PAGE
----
Lopez may have been a trained dancer, but they spent a lot of time rehearsing the ballroom scene—and not just because it takes two to tango. "Even though I'm a dancer, with the dialogue and the emotional beats, that scene was kind of tough," Lopez shared with E! News. Her co-star agreed, it wasn't easy dancing and conversing at the same time (though he graciously admitted that his partner picked up the steps way more quickly than he did).

McConaughey knew how to ride a horse—"if you've ridden before, you get back on it and after an hour, so, it's like riding a bike," he said—but he had to take lessons a few times a week for two months to prepare. "I like to dance, I have rhythm, but man, I do not know steps. I'm a very undisciplined dancer, and there's a discipline to the tango...And then on the day when you shoot it, you hope you can relax enough to act and forget where your feet are going, and you hope like hell that your feet end up in the right place."

And it was important to get all of it, the steps only being a fraction of it, just right. "That's the foreplay," McConaughey said, "that's the love scene in the film, our dance."

A Bridesmaid No More

Lopez wanted to do the movie so much, she agreed to be in it for less than $1 million—but it took Sony a couple of years to agree to Shankman's vision of having her star in the film. And by then, her price tag had understandably gone up.

"The studio made a big mistake," the director and choreographer, whose subsequent credits include A Walk to RememberHairspray and Rock of Ages, told the Arizona Republic. "They could have signed her a long time ago for much, much less. I told them, 'Look, her album is going to come out and she's going to be huge! You're going to be screwed!' They didn't listen to me and sure enough, they were screwed! On the 6 came out and it was a whole new world."

Lopez quipped, "The longer you wait, the more you're going to pay!" Insisting she was kidding, she added, "I worked just as hard back then as I do now. Money has nothing to do with it. It never did for me. I was always motivated by wanting to be an actress, wanting to sing and wanting to grow as an artist. Those were always and still are my motivating factors."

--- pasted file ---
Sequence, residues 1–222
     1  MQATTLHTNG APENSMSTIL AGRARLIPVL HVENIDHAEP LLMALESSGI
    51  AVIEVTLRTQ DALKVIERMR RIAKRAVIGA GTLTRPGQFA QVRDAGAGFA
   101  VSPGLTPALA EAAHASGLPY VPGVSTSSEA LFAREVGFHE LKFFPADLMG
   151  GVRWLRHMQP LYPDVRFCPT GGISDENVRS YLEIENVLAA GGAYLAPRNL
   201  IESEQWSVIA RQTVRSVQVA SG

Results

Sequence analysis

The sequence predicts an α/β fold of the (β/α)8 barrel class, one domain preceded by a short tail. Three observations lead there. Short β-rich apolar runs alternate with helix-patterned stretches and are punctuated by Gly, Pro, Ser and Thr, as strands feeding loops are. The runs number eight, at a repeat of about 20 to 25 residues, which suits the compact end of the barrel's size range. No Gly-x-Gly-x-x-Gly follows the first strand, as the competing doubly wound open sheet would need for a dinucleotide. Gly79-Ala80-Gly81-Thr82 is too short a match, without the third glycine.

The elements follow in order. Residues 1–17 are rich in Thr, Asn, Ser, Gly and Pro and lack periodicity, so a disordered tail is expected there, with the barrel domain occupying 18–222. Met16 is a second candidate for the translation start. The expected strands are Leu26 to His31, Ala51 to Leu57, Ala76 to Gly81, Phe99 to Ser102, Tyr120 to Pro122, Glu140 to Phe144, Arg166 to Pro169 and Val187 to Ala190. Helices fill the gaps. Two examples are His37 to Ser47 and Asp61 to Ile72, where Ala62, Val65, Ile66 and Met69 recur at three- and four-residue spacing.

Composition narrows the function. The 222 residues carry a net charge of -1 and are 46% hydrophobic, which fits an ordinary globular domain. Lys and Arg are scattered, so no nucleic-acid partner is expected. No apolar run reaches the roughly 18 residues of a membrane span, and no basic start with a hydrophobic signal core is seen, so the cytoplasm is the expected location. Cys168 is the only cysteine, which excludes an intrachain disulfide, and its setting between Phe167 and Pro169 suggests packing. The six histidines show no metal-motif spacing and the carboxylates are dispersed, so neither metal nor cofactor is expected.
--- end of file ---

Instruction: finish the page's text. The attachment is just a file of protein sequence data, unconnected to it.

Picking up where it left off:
Easy, Breezy

Having just come off of making the sci-fi thriller The Cell, Lopez appreciated the vibe that came with shooting a lighthearted romp. 

"It was funny and we had fun going to work everyday, and there was a lot of laughter," she told E! News, "so it was really nice. Everybody was really cool who was involved with the project, and we had a good time."

After the Wedding...

After memorable turns through the 1990s in films such as Higher LearningBilly MadisonI Know What You Did Last Summer and House on Haunted HillThe Wedding Planner was Bridgette Wilson-Sampras' last big studio movie (though she appeared in five more films, including Buying the Cow with Ryan Reynolds and Shopgirl with Claire Danes and Steve Martin).

Her last credit was in 2008, so...what has the actress who promised Billy that "no milk will ever be our milk" been up to? Well, she added the hyphenate to her name in 2000, marrying tennis champ Pete Sampras—after an early loss at the Australian Open the next year, he was able to make it to The Wedding Planner premiere. 

Sampras retired in 2002, going out on top after winning the US Open, and the super-private couple devoted their time to raising sons Christian, 19, and Ryan, 16.

Food for Thought

Also ripped from the writers' personal experience, and a scene that they kept in every draft of the script: Steve only eating the brown M&M's because, as he tells Mary, "I figure they have less artificial coloring, because chocolate's already brown." (Sadly, that inspiring notion has been debunked.)